Living Bird Magazine
House FinchHaemorhous mexicanus
- ORDER: Passeriformes
- FAMILY: Fringillidae
The House Finch is a recent introduction from western into eastern North America (and Hawaii), but it has received a warmer reception than other arrivals like the European Starling and House Sparrow. That’s partly due to the cheerful red head and breast of males, and to the bird’s long, twittering song, which can now be heard in most of the neighborhoods of the continent. If you haven’t seen one recently, chances are you can find one at the next bird feeder you come across.More ID Info
Find This Bird
You can find House Finches by looking around settled habitats, such as city parks, urban centers, residential backyards, farms, and forest edges. Gregarious and social, House Finches are found in noisy groups that are hard to miss if present. Look for House Finches feeding on the ground or at bird feeders, or perching high in nearby trees.
- Pinzón Mexicano (Spanish)
- Roselin familier (French)
Fill your backyard feeders with small, black oil sunflower seed. If House Finches discover your feeders, they might bring flocks of 50 or more birds with them. Find out more about what this bird likes to eat and what feeder is best by using the Project FeederWatch Common Feeder Birds bird list.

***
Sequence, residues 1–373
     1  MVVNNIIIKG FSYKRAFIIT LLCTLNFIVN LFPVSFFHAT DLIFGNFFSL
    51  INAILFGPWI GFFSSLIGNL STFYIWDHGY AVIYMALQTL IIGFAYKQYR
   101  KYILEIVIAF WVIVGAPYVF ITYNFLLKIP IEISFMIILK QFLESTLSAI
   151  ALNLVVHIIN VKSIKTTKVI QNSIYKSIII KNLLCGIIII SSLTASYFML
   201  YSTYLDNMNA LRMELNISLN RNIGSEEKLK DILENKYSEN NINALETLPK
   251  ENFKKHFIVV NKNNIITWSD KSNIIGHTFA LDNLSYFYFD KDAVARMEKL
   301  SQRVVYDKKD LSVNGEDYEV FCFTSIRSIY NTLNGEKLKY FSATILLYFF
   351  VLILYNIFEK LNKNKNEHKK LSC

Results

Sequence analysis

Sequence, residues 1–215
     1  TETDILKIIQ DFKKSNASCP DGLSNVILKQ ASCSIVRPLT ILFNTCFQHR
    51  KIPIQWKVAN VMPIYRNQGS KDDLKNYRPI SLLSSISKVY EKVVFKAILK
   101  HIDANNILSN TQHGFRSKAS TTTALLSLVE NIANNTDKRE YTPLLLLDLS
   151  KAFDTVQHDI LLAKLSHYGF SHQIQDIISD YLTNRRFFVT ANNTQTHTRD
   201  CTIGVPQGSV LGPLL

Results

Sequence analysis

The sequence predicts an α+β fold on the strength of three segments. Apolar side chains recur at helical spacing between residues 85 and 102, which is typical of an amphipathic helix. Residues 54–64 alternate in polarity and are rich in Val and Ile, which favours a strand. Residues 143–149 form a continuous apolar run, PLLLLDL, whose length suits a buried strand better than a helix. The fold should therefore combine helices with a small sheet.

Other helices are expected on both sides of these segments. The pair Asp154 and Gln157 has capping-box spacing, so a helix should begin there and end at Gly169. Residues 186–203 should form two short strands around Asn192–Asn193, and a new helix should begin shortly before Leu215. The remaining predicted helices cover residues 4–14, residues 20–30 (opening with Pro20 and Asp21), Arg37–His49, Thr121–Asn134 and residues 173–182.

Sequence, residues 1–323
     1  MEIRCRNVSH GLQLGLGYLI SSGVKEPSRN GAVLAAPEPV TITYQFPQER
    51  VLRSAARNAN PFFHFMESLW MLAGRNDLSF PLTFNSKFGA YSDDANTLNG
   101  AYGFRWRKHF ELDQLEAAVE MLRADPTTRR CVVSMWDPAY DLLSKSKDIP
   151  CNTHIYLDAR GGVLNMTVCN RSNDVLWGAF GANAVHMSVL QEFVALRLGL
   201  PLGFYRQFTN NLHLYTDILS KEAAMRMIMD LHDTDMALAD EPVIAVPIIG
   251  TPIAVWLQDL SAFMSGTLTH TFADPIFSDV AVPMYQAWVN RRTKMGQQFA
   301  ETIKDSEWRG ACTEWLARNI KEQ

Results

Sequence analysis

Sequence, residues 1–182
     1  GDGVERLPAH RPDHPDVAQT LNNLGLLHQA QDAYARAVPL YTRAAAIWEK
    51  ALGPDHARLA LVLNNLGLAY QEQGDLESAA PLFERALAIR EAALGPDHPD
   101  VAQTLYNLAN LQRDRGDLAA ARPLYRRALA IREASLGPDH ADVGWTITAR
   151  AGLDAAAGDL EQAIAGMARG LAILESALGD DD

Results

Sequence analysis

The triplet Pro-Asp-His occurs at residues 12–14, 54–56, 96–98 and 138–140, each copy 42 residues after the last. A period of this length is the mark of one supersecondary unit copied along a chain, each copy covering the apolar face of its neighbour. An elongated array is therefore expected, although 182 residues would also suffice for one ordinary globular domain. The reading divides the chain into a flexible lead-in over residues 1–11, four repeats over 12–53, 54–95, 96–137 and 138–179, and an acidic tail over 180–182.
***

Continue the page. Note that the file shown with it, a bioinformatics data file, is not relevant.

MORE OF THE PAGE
- Cool Facts
- The House Finch was originally a bird of the western United States and Mexico. In 1940 a small number of finches were turned loose on Long Island, New York, after failed attempts to sell them as cage birds (“Hollywood finches”). They quickly started breeding and spread across almost all of the eastern United States and southern Canada within the next 50 years.
- The total House Finch population across North America is staggering. Scientists estimate between 267 million and 1.4 billion individuals.
- House Finches were introduced to Oahu from San Francisco sometime before 1870. They had become abundant on all the major Hawaiian Islands by 1901.
- The red of a male House Finch comes from pigments contained in its food during molt (birds can’t make bright red or yellow colors directly). So the more pigment in the food, the redder the male. This is why people sometimes see orange or yellowish male House Finches. Females prefer to mate with the reddest male they can find, perhaps raising the chances they get a capable mate who can do his part in feeding the nestlings.
- House Finches feed their nestlings exclusively plant foods, a fairly rare occurrence in the bird world. Many birds that are vegetarians as adults still find animal foods to keep their fast-growing young supplied with protein.
- The oldest known House Finch was a female, and at least 11 years, 7 months old when she was recaptured and rereleased during banding operations in New York in 1985, the same state where she had been banded in 1973.